Contact Us

  • Phone: 250-828-8222
  • Email:
  • Mailing Address: 454 Columbia Street, Kamloops, BC V2C 2T5



Jun 09, 2013 | Joshua Claycamp

Matthew 6:22-23, The Lamp of Life

“The eye is the lamp of the body. So, if your eye is healthy, your whole body will be full of light, but if your eye is bad, your whole body will be full of darkness. If then the light in you is darkness, how great is the darkness!” (Matthew 6:22–23, ESV)

Demas: A flamed out Comet caught in the Allure of the World’s Seducing Pull

If ever there was a guy you’d have a hard time labeling as “worldly,” it would be Demas. Or so it seems. As a close firend and traveling companion to the Apostle Paul, Demas participated in spreading the gospel and strengthening the fledgling church throughout the Roman Empire. He left home and family to hit the long, dusty and dangerous road with the itinerant apostle. He stood by Paul – likely at great personal risk – when the apostle landed in prison that first time. We read of him sending his greetings with the Apostle Paul from prison to the churches in Colossae and to the Christian Philemon.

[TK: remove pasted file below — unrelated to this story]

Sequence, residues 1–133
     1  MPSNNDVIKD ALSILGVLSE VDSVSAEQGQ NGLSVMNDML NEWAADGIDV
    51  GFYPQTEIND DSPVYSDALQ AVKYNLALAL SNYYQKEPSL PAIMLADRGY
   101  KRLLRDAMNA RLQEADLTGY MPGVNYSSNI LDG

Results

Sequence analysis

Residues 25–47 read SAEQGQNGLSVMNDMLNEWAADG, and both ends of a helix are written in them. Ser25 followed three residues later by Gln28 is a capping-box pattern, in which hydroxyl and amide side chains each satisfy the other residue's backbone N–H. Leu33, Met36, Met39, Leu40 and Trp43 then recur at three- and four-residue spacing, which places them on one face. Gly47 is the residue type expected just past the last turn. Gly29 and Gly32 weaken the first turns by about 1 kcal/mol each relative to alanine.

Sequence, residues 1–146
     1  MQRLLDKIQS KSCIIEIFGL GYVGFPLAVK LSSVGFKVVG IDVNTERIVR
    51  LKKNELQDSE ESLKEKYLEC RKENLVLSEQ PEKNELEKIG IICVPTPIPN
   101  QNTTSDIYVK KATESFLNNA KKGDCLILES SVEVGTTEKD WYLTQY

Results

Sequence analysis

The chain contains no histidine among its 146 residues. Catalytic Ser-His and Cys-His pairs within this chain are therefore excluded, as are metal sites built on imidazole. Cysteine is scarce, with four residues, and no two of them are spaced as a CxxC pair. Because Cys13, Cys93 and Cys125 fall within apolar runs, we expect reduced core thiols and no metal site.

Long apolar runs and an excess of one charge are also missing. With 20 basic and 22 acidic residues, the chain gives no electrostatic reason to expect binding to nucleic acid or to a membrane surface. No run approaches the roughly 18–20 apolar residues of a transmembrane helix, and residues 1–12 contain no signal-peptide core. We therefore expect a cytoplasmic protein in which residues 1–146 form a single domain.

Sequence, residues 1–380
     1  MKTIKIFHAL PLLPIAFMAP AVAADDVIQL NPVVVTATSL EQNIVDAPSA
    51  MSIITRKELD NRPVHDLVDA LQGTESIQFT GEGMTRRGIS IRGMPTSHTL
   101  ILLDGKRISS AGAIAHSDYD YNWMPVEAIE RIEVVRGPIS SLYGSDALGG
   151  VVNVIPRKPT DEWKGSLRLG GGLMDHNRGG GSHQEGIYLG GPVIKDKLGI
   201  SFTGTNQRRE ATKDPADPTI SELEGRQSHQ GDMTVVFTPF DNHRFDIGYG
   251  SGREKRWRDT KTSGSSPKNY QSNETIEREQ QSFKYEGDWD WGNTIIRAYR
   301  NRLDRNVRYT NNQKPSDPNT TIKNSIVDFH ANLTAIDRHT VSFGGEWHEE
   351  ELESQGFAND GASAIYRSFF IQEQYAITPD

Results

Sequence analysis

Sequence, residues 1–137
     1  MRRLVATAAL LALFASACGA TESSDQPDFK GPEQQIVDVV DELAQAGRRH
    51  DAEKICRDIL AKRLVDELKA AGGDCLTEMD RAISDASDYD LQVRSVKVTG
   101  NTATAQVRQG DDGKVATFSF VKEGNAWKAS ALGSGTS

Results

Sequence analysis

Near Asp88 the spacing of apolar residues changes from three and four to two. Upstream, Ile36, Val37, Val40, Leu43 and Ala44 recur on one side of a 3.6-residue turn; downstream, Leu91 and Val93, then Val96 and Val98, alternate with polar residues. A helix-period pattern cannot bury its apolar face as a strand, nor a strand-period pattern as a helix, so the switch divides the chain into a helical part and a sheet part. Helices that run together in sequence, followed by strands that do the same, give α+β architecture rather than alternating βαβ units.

He would appear to be a model Christian. A guy we would all admire, respect, and want to emulate.

Yet there is an interesting post script in Paul’s second letter to Timothy which forms poor Demas’ epitaph:

For Demas, in love with this present world, has deserted me and gone to Thessalonica.” (2 Timothy 4:10, ESV)

It’s impossible to read them without feeling the Apostle Paul’s sadness and heart ache. What a tragedy! A life wasted. A testimony ruined. Jesus portrayed to the world as less than absolute loveliness. Jesus portrayed as just not worth it. For Demas, in love with this present world, not only deserted Paul, the saints, and his church- he deserted the Saviour!

What happened? How did Demas go from passionate follower of Christ, close companion to the apostle Paul, willing to risk all for the sake of Jesus to deserter? Where did things go horribly wrong?

Before Demas deserted, he drifted.

For all that is in the world—the desires of the flesh and the desires of the eyes and pride of life—is not from the Father but is from the world.” (1 John 2:16, ESV italics added)

The Eye is the Lamp of the Body

“The eye is the lamp of the body.” (Matthew 6:22, ESV)

What does Christ mean when he speaks of the eye as the lamp and the body as being full of light? How can an eye be a lamp and how can the body be full of light?